Australians go on a $2.6 billion tech products buying spree

By Martin Vedris

SYDNEY, NSW: Australians shopped their way through the global recession with an unprecedented spender bender on digital lifestyle products in the first six months of 2009, according to the latest market research from Canon and GfK, the Canon CDLI.

The CDLI (Canon Digital Lifestyle Index) is a bi-annual report that measures retail sales in several key digital lifestyle product categories including IT products, telecommunications, office communications, electronic entertainment, household electrical appliances and photographic equipment.

A representative panel of retailers report their sales figures (in both units and dollar sales value) for the relevant product groups to GfK.

Among the major findings of the CDLI for the period January to June 2009 is the fact that Australian sales in the measured product categories grew by 8.4 per cent to 5.91 million units, while the industry revenue generated by the Canon CDLI categories increased by 7.2 per cent ($174 million) to $2.598 billion, compared with the first half of 2008.

It was a tech product frenzy. Total sales for the Canon CDLI product categories grew seven times faster than for the retailing industry as a whole. Total sales for the entire retail sector grew by 1.1 per cent, whereas total Canon CDLI sales revenues grew by 7.2 per cent over the same period

What were we buying? The CDLI report indicates that LCD TVs, games consoles, digital still cameras and digital media players contributed most strongly to the $174 million sales increase in the first six months of the year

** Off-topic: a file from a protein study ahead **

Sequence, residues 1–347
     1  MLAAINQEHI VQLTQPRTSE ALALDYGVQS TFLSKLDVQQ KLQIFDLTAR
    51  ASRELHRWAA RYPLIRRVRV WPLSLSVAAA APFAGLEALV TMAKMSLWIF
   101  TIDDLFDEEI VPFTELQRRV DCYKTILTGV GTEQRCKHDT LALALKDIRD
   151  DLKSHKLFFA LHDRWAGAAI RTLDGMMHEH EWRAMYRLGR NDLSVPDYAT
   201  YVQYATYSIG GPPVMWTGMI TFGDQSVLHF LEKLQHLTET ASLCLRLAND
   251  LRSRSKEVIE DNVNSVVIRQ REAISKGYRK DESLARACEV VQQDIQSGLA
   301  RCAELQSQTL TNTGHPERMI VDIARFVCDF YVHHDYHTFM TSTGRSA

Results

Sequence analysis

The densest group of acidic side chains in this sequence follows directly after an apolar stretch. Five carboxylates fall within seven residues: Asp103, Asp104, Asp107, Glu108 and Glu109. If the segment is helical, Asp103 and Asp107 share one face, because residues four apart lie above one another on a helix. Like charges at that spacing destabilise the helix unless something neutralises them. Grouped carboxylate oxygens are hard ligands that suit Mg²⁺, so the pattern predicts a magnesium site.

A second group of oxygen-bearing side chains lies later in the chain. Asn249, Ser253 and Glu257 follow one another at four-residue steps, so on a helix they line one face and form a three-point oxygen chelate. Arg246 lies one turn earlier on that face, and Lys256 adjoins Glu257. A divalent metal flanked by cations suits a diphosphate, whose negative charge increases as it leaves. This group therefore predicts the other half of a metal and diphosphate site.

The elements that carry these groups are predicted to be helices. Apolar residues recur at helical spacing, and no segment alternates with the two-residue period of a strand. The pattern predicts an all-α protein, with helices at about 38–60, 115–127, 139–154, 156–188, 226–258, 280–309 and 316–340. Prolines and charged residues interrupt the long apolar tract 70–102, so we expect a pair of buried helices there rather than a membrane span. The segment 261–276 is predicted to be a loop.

Digital SLR cameras represented a massive 12 per cent of total CDLI revenues, but accounted for 15 per cent of the growth in total CDLI dollar sales.

“A look at the figures since the Canon CDLI started in 2003 shows categories evolving as consumers get more involved in creative pursuits using their technology,” said Canon Australia general manager – Product Marketing, Darren Ryan.

“Despite relatively high household penetration and dropping average selling prices in recent years, digital still cameras are the second-highest category in volume terms and values are also up.”

The growth result would have been even better had the sales figures not been affected by discounting. From 1H 2008 to 1H 2009, the average prices of the plasma TV category fell eight per cent (to $1,779), while LCD TV average prices fell by 11 per cent (to $1,270).

Price reductions stimulated demand in games consoles, where average selling prices fell five per cent (to $334).

The Digital Camcorder category experienced a 5 per cent  drop in unit sales in 1H09, year-on-year. Interestingly, the solid state recording format represented 36 per cent of units sold (up from 7 per cent in 1H08) and HD models accounted for 22 per cent of units sold (up from 14 per cent in 1H08), indicating that the overall volume decrease was in the lower-quality, SD models.

There were categories that grew the average sales prices however. Growth in the Blu-ray disc format helped lift average DVD Player and DVD Recorder prices by 7 per cent and 10 cent (to $122 and $461), respectively.

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